Providing leadership and resources to support the curriculum and the intellectual and professional growth of students, faculty and staff.
Ursinus’s Quest Curriculum is based on a “distinctly American” style of higher education, that combines specialized disciplinary education with perspectives from a range of disciplines. Unlike other colleges, Ursinus provides opportunities for students through all four years to make connections between courses and their co-curricular experiences to help them make value-based decisions about their future and their interactions with those around them.
Higher education in the United States was designed from earliest days to educate the whole human, rather than simply prepare an individual narrowly for a career. Many credit the long history of innovation and creativity in the U.S. to this style of education. Higher education in the rest of the world has been much more focused on disciplinary training, and only recently has begun to adopt the American model.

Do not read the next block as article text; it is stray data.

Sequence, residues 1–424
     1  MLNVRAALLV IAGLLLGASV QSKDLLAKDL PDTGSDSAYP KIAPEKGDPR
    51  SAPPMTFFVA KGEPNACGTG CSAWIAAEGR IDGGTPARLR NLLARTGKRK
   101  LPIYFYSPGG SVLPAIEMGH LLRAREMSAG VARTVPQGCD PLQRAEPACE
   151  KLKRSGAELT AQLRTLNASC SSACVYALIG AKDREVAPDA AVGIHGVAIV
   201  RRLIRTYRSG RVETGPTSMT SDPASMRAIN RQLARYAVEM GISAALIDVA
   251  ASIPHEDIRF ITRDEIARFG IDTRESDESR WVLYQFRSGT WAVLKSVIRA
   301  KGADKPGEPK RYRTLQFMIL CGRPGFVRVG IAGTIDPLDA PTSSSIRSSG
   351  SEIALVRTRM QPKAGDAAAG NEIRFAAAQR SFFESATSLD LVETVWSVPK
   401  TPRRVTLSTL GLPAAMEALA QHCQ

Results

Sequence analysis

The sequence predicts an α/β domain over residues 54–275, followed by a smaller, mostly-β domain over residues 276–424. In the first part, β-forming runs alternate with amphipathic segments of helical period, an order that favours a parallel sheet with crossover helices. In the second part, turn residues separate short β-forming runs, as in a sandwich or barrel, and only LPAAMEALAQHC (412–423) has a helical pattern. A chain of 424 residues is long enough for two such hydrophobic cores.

Not really, but to many, the term Liberal Arts suggests a political slant, and a focus on arts and humanities—neither of which is accurate! At Ursinus, we want to take this type of education to a higher level by structuring reflection points throughout the four years when students are challenged to understand other perspectives, draw connections between various experiences in and out of class, and use those reflections to chart their futures.
Liberal education was designed to empower people for leadership—in careers and in society. The first American colleges were only accessible to an elite group. Today, this unique education belongs to everyone. And Ursinus will prepare you for exceptional success—as scientists, as artists, as teachers, as political leaders, in all fields.
We help our students define and find their own success. But don’t just take our word for it—the American Association of Colleges and Universities has done a lot of research on this!
Professor of Biology Assistant Dean of the College
In my research lab, we are interested in understanding what genes control early embryonic development and regulation of the cell cycle. We use a combination of genetic approaches with time-lapse imaging of early cell divisions to uncover the role for different genes during development.